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Fury at agency funding hand-out

A row has broken out over a Government decision to take cash from local education authority budgets to help run a new further education agency.

Environment Secretary John Gummer is accused of illegally handing Pounds 77,000 over to the Further Education Development Agency.

Local authorities are angry that they have lost the cash and are challenging Mr Gummer to hand it back.

The decision to take the cash has sparked a new row over conflicts of interest between LEAs and colleges and led to renewed calls for a forum to represent all parties involved in the planning of education and training post-16.

LEAs were initially allocated the cash to fund one of FEDA's predecessors - the Staff College, and they were represented on the college's board.

Later when the then Education Secretary John Patten refused to allow LEAs representation on the new FEDA board local authorities withdrew their support and demanded the cash back.

Graham Lane, chairman of the Council of Local Education Authorities, said Mr Gummer took the money without proper consultation after he was told that the LEAs were not willing to support the agency.

Mr Lane, said: "What Mr Gummer has done is demand taxation without representation.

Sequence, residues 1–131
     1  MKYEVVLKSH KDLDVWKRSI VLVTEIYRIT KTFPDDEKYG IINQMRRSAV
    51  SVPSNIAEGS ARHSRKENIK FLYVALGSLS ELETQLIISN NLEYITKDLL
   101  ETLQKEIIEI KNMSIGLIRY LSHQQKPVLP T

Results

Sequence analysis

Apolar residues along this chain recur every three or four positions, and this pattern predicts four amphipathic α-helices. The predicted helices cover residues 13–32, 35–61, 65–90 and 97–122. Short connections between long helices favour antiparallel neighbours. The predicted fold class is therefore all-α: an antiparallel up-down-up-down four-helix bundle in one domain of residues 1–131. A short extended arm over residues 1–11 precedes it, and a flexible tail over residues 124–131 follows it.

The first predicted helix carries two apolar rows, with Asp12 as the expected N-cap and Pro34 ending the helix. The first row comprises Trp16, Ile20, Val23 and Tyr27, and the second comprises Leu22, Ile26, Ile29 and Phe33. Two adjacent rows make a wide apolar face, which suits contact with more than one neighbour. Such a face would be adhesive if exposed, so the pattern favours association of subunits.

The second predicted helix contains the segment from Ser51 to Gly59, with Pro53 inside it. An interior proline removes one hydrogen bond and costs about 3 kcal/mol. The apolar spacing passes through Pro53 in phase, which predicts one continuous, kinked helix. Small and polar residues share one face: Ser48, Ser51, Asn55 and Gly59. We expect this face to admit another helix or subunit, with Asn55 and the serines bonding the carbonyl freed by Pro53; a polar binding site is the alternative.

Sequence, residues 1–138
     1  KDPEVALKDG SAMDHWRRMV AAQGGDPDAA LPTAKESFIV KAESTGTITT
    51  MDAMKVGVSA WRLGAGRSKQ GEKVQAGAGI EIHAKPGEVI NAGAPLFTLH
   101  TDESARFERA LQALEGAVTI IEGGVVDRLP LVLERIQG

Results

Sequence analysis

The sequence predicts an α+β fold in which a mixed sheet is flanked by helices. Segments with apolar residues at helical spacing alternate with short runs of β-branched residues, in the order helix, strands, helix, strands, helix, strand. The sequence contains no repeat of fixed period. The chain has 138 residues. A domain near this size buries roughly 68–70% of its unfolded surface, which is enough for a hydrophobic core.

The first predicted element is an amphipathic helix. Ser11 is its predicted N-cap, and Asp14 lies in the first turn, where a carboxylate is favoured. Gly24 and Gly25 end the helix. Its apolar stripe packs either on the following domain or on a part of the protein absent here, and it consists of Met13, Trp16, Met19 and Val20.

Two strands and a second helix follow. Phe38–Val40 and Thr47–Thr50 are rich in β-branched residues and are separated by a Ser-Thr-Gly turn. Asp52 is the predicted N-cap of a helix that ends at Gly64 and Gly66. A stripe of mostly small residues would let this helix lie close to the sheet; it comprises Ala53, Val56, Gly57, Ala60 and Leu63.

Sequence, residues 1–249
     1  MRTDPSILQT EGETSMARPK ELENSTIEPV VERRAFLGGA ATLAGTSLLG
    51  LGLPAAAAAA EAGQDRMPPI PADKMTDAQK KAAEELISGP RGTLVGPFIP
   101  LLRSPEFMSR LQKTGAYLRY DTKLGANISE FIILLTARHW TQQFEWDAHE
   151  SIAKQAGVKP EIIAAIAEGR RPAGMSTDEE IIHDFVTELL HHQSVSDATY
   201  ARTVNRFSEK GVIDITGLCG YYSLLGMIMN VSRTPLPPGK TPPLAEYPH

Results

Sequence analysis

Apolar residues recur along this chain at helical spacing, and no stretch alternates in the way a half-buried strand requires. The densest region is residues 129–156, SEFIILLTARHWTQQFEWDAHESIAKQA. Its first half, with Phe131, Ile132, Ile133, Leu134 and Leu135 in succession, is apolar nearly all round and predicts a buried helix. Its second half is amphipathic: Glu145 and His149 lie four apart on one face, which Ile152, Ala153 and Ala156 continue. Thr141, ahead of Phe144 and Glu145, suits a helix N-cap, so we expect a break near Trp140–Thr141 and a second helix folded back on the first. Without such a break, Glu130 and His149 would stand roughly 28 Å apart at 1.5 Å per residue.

"We called for the cash to be diverted to the National Institute for Adult Continuing Education since local authorities still have an interest in lifetime learning."

In a letter to Mr Gummer last week, he asked: "Will you please arrange for these illegal payments to be stopped and for the grant to be switched to the NIACE at the earliest possible opportunity?" A Department of the Environment spokesman insisted that Mr Gummer was acting on legal advice that the money was already committed to FEDA. Mr Lane insists, however, that they have had legal advice to the contrary.

Stephen Crowne, chief executive of FEDA, appealed to LEAs not to abandon the agency. "Irrespective of the outcome of the funding row we are committed to working very closely with LEAs and supporting adult and continuing education. "

Meanwhile, Labour has pledged to eradicate scope for such anomalies if it comes to power. Bryan Davies, Labour's further and higher education spokesman, has spelt out in stronger terms than ever his party's commitment to regional councils which would take over some of the funding and policy powers from central Government and its national agencies.

Regional councils would have members from colleges, LEAs, employers and training and enterprise councils. They are likely to be shaped around the nine FE regional committees.

Mr Davies said the latest grant fiasco was typical of inefficient management by the Government which marginalised local authorities whatever the costs.

"We are looking at ways of strengthening the regional structures, to remove the confusion of different uncoordinated actions by Government departments and to help both LEAs and colleges run more efficiently."

He stressed that this did not mean abolition of the Further Education Funding Council, which would have a national co-ordinating role under a new Labour government.

But his pledge to devolve powers will not be liked by Sir William Stubbs, FEFC chief executive, who insists that regional tiers of government must be resisted.

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